Set 102% Goals

We all recognize that goals can be motivating. And if you look a little deeper, you will also realize that the wrong goals can be demotivating.

So the key to boosting your productivity and success is not just to set goals, but to set goals that motivate and draw out a new “personal best” performance.

Here are some thoughts on this:

Set Your Own Goals

Research and your own practical experience shows that “blanket” goals set for everyone on a team or in a group will nearly always motivate some people and demotivate others. Anyone who feels the goal is too difficult or too easy to achieve simply won’t strive for it.

It stands to reason, therefore, that effective and motivating goals must be precisely calibrated for each individual: demanding just enough additional performance to extract a person’s best efforts, but not so much extra as to be discouraging or frustratingly difficult.

There is an exception to this idea: Small, cohesive teams may, in certain cases, respond well to a single well-calibrated goal for the group to achieve. But there are no guarantees.

Set Goals at the Right Level

Whether you’re setting the goal for yourself or someone else, it’s crucial to establish a target that’s neither impossible nor easy; it should be achievable only with a strong effort.

I mention the 102% figure as a general guideline, not a hard and fast rule.

For example, in sports, a 2% improvement may be impossible. It’s more common to reasonably expect only a fractional improvement: perhaps a tenth of a second off your previous best time or one more centimeter added to your previous best distance. In sales, on the other hand, closing one additional customer or selling one more product may create a performance improvement much larger than 2%.

Whatever the activity and the means of measuring performance, the idea here is to set a goal that asks for noticeably – and motivationally – more than your previous best efforts.

Support Your Goals with Action Plans

This point is important regardless of how big or small a jump in performance the new goal asks for: You’ll achieve the new goal more easily when you have a plan to get there.

This plan could include:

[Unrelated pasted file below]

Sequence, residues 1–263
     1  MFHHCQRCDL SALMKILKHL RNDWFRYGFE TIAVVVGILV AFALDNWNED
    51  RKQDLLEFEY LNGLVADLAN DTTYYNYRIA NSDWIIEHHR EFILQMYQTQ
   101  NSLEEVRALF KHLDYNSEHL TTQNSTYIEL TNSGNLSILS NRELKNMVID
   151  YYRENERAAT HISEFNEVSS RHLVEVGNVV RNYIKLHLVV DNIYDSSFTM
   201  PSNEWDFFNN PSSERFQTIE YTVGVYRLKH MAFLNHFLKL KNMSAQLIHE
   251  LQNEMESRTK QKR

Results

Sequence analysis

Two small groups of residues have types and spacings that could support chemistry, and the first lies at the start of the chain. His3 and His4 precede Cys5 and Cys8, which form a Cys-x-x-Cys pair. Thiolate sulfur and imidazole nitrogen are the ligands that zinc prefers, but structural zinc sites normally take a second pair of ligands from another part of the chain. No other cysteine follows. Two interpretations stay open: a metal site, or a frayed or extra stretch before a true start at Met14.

• Targeted practice to improve essential skills and abilities,
  • New technology or techniques to expand your performance potential,
  • Motivational techniques and rewards to increase your level of effort, and
  • Synchronizing your efforts with a peak in your naturally fluctuating abilities.

Keep Setting New Goals

Research shows that immediately after reaching a new goal that establishes a higher “personal best,” many people relax and allow their performance to drop back a bit.

There’s nothing wrong with this. It’s part of the “natural fluctuations” we nearly always find in human performance.

But in most circumstances, achieving a personal best is a sign that you’re “hitting on all cylinders,” and therefore presents a good opportunity to try for even more. That’s why some athletes who set a personal best may immediately try to better it, and why some sales people who sign a major deal may immediately try to sign another one.

If you’re feeling strong and successful, you may want to follow-up on your new-found level of performance by immediately setting another, slightly higher goal for the future.

As you probably recognize, goals are a great way to reach higher levels of productivity and success in your work and your life. But only if you set them in the “sweet spot” between “too hard” and “too easy” – a range that motivates strong, effective efforts to achieve them.

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